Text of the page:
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RainCube’s radiofrequency lead Nacer Chahat (right) and mechanical engineer lead Jonathan Sauder (left) observe the CubeSat’s deployed antenna. (Credit: NASA/JPL-Caltech)

RainCube’s radiofrequency lead Nacer Chahat (right) and mechanical engineer lead Jonathan Sauder (left) observe the CubeSat’s deployed antenna. (Credit: NASA/JPL-Caltech)

Scientists at NASA’s Jet Propulsion Laboratory (JPL) in Pasadena, Calif., have been working on the tricky problem of CubeSat transmission antennas, which must be small enough for these diminutive devices yet still transmit data through the huge expanses of space.

“It’s like pulling a rabbit out of a hat,” said Nacer Chahat, a specialist in antenna design at JPL. “Shrinking the size of the radar is a challenge for NASA. As space engineers, we usually have lots of volume, so building antennas packed into a small volume isn’t something we’re trained to do.”

Chahat worked with a CubeSat team on the antenna for Radar In a CubeSat (RainCube), a technology demonstration mission scheduled for launch in 2018. RainCube’s distinctive antenna looks like an umbrella stuffed into a jack-in-the-box; when open, its ribs extend out of a canister and splay out a golden mesh. As its name suggests, RainCube will use radar to measure rain and snowfall.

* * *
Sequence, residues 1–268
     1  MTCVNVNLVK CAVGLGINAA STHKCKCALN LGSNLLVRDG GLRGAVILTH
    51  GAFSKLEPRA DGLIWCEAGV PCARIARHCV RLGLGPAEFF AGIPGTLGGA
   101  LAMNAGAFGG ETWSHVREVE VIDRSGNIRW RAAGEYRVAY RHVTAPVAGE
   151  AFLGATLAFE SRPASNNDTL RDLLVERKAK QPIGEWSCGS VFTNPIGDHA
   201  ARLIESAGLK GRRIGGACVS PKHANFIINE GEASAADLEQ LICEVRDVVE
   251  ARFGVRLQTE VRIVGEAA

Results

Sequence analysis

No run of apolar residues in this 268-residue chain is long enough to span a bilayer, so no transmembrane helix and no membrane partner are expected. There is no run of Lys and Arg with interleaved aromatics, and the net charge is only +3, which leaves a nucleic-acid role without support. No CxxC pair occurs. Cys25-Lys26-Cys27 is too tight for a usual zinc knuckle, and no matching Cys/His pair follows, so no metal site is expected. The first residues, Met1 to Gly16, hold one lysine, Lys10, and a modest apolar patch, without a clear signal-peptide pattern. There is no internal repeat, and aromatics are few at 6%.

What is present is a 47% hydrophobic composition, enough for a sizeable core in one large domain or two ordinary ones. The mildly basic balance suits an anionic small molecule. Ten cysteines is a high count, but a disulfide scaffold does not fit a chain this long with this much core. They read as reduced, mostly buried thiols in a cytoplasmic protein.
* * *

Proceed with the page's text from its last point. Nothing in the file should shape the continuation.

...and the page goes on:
“Large, deployable antennas that can be stowed in a small volume are a key technology for radar missions,” said JPL’s Eva Peral, principal investigator for RainCube. “They open a new realm of possibilities for science advancement and unique applications.”

To maintain its relatively small size, the antenna relies on the high-frequency, Ka-band wavelength—something that’s still rare for NASA CubeSats but is ideally suited to RainCube. Ka-band also allows for an exponential increase in data transfer over long distances, making it the perfect tool for telecommunications. Ka-band allows for data rates about 16 times higher than X-band, the current standard on most NASA spacecraft.

Development of RainCube’s antenna can test the use of CubeSats more generally. Although most have been limited to simple studies in near-Earth orbit, the right technology could allow them to be used as far away as Mars or beyond, opening CubeSats to a wider range of future missions.

“To enable the next step in CubeSat evolution, you need this kind of technology,” said JPL’s Jonathan Sauder, mechanical engineer lead for the RainCube antenna.

 

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